Study: Native Americans Descended From Three Asian Groups
Native Americans spread out today from Canada to the tip of Chile descended not from one but at least three migrant waves from Siberia between 5,000 and 15,000 years ago, a study said Wednesday.
The finding is controversial among geneticists, archaeologists and linguists -- many of whom have maintained that a single Asian ancestral group populated the Americas.
But the new study, claiming to be the most comprehensive analysis yet of Native American genetics, claims to have found incontrovertible proof that there were three immigration waves -- a theory first put forward in 1986.
Most Native Americans, said the study, descend from a single group known as the "First American" which crossed from Asia via the Beringia land bridge towards the end of the last ice age some 15,000 years ago.
Their modern-day descendants include the Algonquin of Quebec, the Yaghan of Tierra del Fuego and the Kaqchikel Maya of Guatemala.
But two later migrations of people closely related to the Han ethnic Chinese were responsible for creating more groups, according to a paper published in the journal Nature.
"Speakers of Eskimo-Aleut languages from the Arctic inherit almost half their ancestry from a second stream of Asian gene flow, and the Na-Dene-speaking Chipewyan from Canada inherit roughly one-tenth of their ancestry from a third stream," it said.
This indicated interbreeding between later immigrants and the First Americans they encountered.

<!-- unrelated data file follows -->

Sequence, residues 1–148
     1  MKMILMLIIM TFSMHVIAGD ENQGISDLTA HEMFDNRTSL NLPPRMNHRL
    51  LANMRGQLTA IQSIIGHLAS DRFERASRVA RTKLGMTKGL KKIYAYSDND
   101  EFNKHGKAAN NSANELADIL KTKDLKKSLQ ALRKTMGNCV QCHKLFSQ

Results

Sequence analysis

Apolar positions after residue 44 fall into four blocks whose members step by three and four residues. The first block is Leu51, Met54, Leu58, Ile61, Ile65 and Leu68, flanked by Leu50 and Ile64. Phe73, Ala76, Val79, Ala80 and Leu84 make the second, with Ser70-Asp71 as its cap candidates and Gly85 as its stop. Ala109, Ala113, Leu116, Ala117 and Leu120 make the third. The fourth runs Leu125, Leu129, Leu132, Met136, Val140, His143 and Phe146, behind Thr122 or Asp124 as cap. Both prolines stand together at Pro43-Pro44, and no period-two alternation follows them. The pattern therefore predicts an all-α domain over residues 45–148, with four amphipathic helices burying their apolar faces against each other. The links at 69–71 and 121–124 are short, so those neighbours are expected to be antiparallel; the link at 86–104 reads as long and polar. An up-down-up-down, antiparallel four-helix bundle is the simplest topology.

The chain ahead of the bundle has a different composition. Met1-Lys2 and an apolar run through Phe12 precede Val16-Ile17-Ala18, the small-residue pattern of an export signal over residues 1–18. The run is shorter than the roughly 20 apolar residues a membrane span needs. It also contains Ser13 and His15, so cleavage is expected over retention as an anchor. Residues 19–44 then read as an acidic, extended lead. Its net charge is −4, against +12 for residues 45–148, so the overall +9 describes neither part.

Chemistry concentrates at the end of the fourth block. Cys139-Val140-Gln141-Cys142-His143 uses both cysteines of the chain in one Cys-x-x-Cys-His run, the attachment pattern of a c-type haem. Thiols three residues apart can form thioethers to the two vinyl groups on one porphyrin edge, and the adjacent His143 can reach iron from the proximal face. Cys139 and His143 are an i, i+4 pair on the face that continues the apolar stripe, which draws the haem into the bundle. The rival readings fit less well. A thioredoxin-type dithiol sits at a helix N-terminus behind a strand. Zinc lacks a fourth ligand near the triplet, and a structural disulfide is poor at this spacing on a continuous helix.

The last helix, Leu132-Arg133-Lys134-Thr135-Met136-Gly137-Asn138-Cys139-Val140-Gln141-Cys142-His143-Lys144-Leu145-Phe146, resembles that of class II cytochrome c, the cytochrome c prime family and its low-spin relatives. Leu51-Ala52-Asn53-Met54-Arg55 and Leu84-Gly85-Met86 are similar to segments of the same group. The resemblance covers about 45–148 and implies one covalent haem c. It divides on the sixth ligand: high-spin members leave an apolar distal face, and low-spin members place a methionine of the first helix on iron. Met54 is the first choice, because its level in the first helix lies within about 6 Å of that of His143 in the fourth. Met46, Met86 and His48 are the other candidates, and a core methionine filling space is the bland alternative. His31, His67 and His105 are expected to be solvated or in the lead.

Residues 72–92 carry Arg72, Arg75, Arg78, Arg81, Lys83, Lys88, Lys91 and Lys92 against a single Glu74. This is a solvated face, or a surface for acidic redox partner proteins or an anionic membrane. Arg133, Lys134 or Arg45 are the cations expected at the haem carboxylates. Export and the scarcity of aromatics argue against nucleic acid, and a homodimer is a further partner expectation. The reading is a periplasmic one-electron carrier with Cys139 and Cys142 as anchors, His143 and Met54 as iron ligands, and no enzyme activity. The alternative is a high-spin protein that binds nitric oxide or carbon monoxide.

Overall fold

The second and third waves of migrants may have come to America in boats after the Beringia land bridge disappeared under water at the end of the last ice age, human geneticist Andres Ruiz-Linares of University College London's department of genetics, evolution and environment told Agence France Presse.
He coordinated a team of about 60 researchers from around the world who analyzed the genetic data of more than 500 individuals from 52 Native American and 17 Siberian groups, looking for similarities and differences.
They looked at more than 350,000 genetic markers.
The researchers found the most genetic diversity in North America and the most heterogeneous groups in the south -- to where they moved probably as competition for resources increased in the north as more people arrived.
"One of the main results is that natives from the northern parts of the continent would have a more recent Siberian ancestry than other people from the continent," as they mixed with the newcomers, said Ruiz-Linares.
"Native Americans from the lower parts of North America all the way down to Tierra el Fuego originate from the really first settlers of the continent."
For the study, the team had to compensate for the impact of interbreeding with European and African immigrants since Christopher Columbus discovered America in 1492.
Ruiz-Linares said the findings were significant for our understanding of history and how the continent was settled.
"This is part of the issue of how humans evolved and colonized the world," he said.
The study gives genetic backing to the 1986 theory put forward by linguist Joseph Greenberg that the Americas must have been populated in three waves, based on language differences.
His proposition has been widely criticized, but the new study claims to provide evidence allowing science to "reject the view that all present-day Native Americans stem from a single migration wave."